A museum’s impact

Michael Phillips

Written  by Liam Ulland-Joy,  Annabella Martinson, with contributions by Eleanor Grosvenor,  and Anja McBride.

When people are young there are many things that shape the adults they will become. It is often the little things that have the biggest impact; family, a favorite meal, favorite activities and the places people spent their time as a youth.

Michael Phillips, 33, who currently lives in Ann Arbor, Michigan, but who grew up in Marquette, fondly remembers the Upper Peninsula Children’s Museum and how his involvement in the many youth driven programs the museum offered helped shape the person he is today. Phillips first became involved with the museum when he was in sixth grade. Phillips was one of the youth who helped design some of the museum’s exhibits as part of the Design-o-saurus program.

“I was involved in some workshops, although I didn’t physically do anything to build the exhibits, but I was involved in some workshops and provided some input, especially on the later exhibit halls, like the Incredible Journey,” Phillips said.

Phillips enjoyed the challenges of designing an exhibit.

“The process was very cool. We had a lot of thoughtful facilitators that thought about different ways kids could provide their input on what they thought would be cool,” Phillips said, adding the ability to see a thought brought to life with a physical exhibit was a special thing to witness.

In the mid ’90s, before 8-18 Media was the youth journalism program at the Upper Peninsula Children’s Museum, there was a youth journalism program called Children’s Express. A national program with similar chapters across the United States, London and Japan, Phillips was a participant.

“I was involved with a number of different stories, starting as a reporter and then became an editor, and I actually served as senior editor my last year or two of high school. I had the opportunity to play a bunch of different roles,” he said.

Because the program was national, Phillips had the opportunity to not only cover local stories, but also work with kids from other Children’s Express bureaus around the country.

“In particular the political conventions were stories that we worked on with other Children’s Express kids and we also used the Children’s Express training materials and philosophy that had been in place and was developed by a guy named Bob Clampett who started the program,” Phillips said. “Unfortunately, for a number of reasons Children’s Express didn’t continue forward and we shifted and got involved with 8-18 Media at the museum, so I think a lot of the ideas from Children’s Express we tried to keep using going forward.”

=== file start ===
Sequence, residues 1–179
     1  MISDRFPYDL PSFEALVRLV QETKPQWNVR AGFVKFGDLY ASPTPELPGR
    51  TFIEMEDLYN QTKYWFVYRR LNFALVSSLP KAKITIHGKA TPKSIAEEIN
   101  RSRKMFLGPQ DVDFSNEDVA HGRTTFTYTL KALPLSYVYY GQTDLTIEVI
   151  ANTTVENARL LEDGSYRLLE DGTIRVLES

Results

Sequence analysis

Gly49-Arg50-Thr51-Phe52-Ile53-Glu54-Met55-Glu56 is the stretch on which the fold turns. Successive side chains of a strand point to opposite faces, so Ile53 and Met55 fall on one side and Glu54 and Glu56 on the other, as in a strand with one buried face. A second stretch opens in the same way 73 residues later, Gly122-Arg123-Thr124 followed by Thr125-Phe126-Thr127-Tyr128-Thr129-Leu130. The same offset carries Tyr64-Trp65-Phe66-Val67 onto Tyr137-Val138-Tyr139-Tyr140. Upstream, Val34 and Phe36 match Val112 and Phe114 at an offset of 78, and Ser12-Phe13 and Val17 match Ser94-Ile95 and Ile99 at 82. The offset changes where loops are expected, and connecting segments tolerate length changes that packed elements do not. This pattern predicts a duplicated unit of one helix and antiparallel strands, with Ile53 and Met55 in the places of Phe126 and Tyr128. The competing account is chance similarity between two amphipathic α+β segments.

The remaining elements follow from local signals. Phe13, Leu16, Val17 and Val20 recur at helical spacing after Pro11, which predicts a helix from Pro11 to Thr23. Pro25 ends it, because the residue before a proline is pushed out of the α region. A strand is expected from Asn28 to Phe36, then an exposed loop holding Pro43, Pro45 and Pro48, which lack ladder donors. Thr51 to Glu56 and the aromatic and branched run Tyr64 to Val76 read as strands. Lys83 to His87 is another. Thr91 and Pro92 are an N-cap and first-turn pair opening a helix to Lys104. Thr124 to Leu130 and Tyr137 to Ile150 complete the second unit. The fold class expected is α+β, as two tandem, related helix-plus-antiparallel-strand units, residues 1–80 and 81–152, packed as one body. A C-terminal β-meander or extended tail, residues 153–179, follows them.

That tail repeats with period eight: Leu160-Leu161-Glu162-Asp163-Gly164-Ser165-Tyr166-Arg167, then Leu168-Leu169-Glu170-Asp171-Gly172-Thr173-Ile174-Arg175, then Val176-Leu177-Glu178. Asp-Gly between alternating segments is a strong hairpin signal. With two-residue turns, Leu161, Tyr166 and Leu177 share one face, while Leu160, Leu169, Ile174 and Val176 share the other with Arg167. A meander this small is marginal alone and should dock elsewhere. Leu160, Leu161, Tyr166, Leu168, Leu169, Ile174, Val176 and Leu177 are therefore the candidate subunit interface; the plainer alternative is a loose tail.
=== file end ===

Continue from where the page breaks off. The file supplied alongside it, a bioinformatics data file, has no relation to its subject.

Phillips said his experiences at the museum helped create a foundation of valuable skills that carried into adulthood.

“Growing up in the U.P., I think there is  maybe a limited number of really thoughtful programs for kids. I think we have some great programs and some great schools, a lot of really positive community members, but I think there’s just nothing like what has been created at the children’s museum,” Phillips said. “Specifically for me, I think the opportunity to really learn about topics and pursue interests, … start building leadership skills really early in life (was important). I was able to sit on the children’s museum board as a youth board member and go on some really interesting stories with Children’s Express where I got to speak to adults and ask them on a very direct level what they were doing to take into account kids’ perspectives.

Phillips said these experiences helped him grow more confident as a young person.

“I went off to college and when I started my first job, I think those kinds of confidence building and leadership skills, really learning and having ambition to learn, those were all things that I took away from the museum,” he said. “I also made a lot of great relationships with other kids and adults in the community that I’ve kept throughout life, so for me that’s always been friends and informal mentors that have continued to help me and have been a part of my life for a long time.”

Not only did the museum impact his own life, but Phillips also said the museum’s impact reaches out into the entirety of the Marquette community.

“I think that the children’s museum has brought a really different level of energy and creativity to our downtown. It’s created another reason why people from across the U.P. would want to visit Marquette and to spend time there, and even outside of the U.P. I think it’s created an environment where kids can really explore and grow in a major way and that kids are big part of the community,” Phillips said.

This year marks the Upper Peninsula Children’s Museum’s 20th birthday, and Phillips still remembers the pure magic of some of the museum’s exhibits when it first opened.

“I think one of the more interesting memories is probably being involved in some of the grand opening events for the museum and seeing how the exhibits came to life,” he said. “You know, the first time I flushed myself down the giant toilet and walked through the bridge to the tree; I just thought it was the coolest thing ever, even though I was a little bit of an older kid at that point—I still just was amazed that someone could create that for people to actually touch, feel and jump on and everything.”

Phillips is all grown up now, with a family of his own, but who knows; maybe next time he comes to visit the museum he’ll bring his daughter and perhaps he’ll flush himself down the giant toilet, for old times sake.

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